The most frequently repeated errors in fitting above-knee prostheses encountered in our group of cases were insufficient length, inaccurate seating of the ischial tubercle, improper socket size, faulty alignment of hip joint, ankle and knee and absence of the proper degree of valgus at the knee.
In examining below-knee prostheses, the most commonly encountered errors of fitting in their order of frequency were improper seating of the stump in the socket, faulty contour of the socket posteriorly, improper knee joint alignment and inadequate length of thigh lacer.
The prosthesis for an upper extremity must fulfill two requirements: function and appearance. The prosthesis should be light in weight, lifelike in appearance and incorporate the structures essential to imitate the functions of the normal arm and hand and must substitute mechanical devices for muscles and joints lost at amputation, to imitate the function performed by the various elements of the hand and arm.
Careful selection of upper extremity amputees for prostheses bears consideration. Thirteen of the thirty-one above-elbow amputees and two of the 21 below-elbow amputees were rejected for prosthetic fitting because of length of elapsed time since amputation, unsatisfactory stump, inadequate initiative and cooperation, or satisfaction of their status without prostheses. The greatest difficulty encountered in fitting upper extremity prostheses was proper design, adjustments and alignment of suspension apparatus and grasp control straps, especially in above-elbow prostheses. Faulty prosthetic joint alignment at the elbow produced the greatest number of difficulties in fitting below-elbow prostheses.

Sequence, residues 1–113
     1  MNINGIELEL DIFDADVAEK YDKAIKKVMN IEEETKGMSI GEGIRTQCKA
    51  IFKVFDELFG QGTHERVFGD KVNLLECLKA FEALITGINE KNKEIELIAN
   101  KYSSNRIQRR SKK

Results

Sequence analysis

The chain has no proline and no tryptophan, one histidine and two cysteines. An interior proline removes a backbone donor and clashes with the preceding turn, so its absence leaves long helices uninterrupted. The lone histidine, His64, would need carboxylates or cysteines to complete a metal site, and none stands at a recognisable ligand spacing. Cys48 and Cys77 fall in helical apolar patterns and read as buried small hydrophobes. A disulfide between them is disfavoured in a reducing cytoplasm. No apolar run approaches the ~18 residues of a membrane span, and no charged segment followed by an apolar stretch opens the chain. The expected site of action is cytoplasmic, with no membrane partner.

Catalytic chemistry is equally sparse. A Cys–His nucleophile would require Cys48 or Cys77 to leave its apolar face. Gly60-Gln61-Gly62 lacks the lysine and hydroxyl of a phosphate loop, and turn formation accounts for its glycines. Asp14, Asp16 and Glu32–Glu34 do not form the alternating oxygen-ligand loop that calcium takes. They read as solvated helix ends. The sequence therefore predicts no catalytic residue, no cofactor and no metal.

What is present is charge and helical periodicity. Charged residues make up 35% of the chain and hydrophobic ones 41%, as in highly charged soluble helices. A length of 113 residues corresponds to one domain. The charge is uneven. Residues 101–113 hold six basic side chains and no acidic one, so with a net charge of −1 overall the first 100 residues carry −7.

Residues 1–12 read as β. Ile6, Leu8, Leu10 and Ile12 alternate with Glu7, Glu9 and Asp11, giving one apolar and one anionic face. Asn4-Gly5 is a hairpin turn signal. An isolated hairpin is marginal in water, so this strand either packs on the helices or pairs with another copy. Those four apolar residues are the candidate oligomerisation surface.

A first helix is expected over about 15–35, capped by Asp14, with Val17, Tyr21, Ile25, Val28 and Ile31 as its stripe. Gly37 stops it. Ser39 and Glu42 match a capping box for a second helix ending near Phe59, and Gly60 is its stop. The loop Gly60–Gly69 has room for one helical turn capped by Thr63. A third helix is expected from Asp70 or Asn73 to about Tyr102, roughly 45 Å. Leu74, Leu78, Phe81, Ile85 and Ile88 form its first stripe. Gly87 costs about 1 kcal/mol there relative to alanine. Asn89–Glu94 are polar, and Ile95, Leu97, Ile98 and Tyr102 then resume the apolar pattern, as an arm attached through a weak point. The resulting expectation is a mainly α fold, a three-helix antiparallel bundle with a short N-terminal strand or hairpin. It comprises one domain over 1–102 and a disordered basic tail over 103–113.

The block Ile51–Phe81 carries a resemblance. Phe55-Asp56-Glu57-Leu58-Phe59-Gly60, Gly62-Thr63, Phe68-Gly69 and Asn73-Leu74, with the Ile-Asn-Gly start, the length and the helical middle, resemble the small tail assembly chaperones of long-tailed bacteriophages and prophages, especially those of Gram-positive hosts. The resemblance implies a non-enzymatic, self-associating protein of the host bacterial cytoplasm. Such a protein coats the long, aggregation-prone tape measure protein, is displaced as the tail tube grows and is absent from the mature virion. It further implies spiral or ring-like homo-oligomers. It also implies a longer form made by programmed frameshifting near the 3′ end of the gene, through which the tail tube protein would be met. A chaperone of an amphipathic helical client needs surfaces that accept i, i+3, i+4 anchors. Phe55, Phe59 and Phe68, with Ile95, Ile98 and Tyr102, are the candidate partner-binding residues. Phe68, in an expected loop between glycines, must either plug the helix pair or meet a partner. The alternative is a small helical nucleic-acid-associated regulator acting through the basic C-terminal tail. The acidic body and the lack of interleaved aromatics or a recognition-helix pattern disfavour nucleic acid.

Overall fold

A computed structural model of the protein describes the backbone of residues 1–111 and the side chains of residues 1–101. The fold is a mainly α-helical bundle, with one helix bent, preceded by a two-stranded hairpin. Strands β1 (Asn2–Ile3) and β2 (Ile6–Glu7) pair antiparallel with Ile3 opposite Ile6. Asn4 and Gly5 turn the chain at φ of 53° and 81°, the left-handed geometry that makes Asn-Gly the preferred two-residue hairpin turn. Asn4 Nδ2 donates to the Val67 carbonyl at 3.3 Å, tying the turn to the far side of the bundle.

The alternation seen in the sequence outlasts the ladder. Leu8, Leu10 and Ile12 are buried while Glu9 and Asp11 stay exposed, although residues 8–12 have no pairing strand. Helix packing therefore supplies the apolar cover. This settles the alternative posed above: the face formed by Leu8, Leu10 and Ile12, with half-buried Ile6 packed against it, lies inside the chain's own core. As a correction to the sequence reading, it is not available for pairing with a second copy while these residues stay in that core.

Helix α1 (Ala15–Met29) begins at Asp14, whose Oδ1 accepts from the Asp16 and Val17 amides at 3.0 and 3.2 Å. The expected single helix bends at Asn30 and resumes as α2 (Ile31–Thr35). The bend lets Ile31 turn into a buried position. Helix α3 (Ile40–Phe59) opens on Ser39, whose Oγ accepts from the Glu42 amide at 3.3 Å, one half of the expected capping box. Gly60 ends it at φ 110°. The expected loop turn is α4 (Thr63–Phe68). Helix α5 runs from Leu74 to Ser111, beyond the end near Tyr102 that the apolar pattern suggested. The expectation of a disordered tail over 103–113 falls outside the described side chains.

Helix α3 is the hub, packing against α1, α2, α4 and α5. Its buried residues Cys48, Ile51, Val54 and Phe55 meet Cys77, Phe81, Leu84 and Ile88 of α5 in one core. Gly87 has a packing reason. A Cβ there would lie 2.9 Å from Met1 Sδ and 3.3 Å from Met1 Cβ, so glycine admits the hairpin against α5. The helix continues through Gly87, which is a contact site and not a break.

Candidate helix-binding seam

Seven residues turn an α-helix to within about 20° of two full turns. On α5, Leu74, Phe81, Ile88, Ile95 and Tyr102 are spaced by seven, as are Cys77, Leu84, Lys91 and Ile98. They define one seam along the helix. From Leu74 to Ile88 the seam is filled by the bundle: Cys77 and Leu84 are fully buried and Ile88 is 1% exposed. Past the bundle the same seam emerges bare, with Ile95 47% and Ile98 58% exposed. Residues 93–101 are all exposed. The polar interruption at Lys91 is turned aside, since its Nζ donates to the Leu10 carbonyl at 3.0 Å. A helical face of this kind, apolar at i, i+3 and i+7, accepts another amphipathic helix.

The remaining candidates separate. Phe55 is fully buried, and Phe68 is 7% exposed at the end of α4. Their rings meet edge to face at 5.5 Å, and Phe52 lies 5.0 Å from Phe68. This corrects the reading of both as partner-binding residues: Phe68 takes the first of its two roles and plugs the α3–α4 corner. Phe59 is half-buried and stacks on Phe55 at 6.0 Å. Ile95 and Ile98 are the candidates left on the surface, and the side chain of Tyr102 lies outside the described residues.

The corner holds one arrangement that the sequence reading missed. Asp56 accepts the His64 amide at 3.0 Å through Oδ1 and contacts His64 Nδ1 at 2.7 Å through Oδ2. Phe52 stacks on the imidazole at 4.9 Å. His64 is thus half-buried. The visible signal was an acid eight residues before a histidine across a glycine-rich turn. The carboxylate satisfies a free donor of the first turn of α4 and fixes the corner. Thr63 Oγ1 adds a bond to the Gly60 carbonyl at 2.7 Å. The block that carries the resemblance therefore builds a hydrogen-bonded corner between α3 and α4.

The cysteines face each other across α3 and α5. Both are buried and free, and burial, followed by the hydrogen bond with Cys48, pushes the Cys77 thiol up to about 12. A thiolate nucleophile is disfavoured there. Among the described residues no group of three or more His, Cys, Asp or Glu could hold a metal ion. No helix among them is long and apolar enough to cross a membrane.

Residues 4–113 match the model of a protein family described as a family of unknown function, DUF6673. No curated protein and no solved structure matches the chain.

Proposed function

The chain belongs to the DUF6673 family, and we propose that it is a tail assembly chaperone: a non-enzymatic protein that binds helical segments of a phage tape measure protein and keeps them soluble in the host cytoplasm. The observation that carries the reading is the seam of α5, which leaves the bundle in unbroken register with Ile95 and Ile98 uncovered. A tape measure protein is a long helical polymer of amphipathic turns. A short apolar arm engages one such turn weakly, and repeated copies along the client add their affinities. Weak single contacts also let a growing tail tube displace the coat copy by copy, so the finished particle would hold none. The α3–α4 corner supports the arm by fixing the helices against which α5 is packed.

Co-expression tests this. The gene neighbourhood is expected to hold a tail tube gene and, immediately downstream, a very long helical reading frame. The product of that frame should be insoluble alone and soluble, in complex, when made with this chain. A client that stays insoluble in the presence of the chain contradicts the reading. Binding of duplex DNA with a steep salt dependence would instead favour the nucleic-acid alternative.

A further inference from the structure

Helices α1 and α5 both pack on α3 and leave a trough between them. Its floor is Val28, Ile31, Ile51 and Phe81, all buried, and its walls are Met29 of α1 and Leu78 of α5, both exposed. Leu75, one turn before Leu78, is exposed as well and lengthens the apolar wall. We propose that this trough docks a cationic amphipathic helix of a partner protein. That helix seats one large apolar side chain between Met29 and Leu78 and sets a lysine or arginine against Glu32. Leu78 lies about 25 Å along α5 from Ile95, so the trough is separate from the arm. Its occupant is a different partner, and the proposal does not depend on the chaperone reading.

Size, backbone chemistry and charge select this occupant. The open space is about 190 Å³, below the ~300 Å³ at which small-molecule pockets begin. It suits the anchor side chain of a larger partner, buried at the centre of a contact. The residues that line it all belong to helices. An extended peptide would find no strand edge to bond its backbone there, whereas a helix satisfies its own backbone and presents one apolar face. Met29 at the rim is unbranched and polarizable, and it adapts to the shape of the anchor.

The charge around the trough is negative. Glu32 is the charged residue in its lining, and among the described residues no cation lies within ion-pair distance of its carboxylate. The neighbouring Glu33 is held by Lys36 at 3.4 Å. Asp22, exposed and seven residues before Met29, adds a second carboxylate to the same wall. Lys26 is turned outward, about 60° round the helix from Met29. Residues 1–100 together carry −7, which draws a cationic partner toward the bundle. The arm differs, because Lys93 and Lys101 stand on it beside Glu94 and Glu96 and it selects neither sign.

The fitting of a prosthesis requires utmost skill, patience and perseverance on the part of the prosthetist with numerous minor adjustments and alterations. Once the correct fit is secured the patient must be impressed with the importance of proper care and routine checks of the stump and prosthesis by the surgeon and prosthetist, especially during the first year of wear.
Prosthetic Use and Training
All patients who are fitted with a prosthesis must receive training in use of the prosthesis. This should be carried out under the supervision of the surgeon with the assistance of a physiotherapist.
Training the amputee to use his prosthesis is much easier in properly equipped centers with adequately trained personnel. However, adequate training can be carried out anywhere with little special equipment or personnel if complete cooperation on the part of the amputee, prosthetist and surgeon can be obtained. Advanced age, obesity, debility, and inherent awkwardness and incoordination are factors which increase the amount of effort and time required in training but need not prevent the development of proficiency in the use of artificial limbs.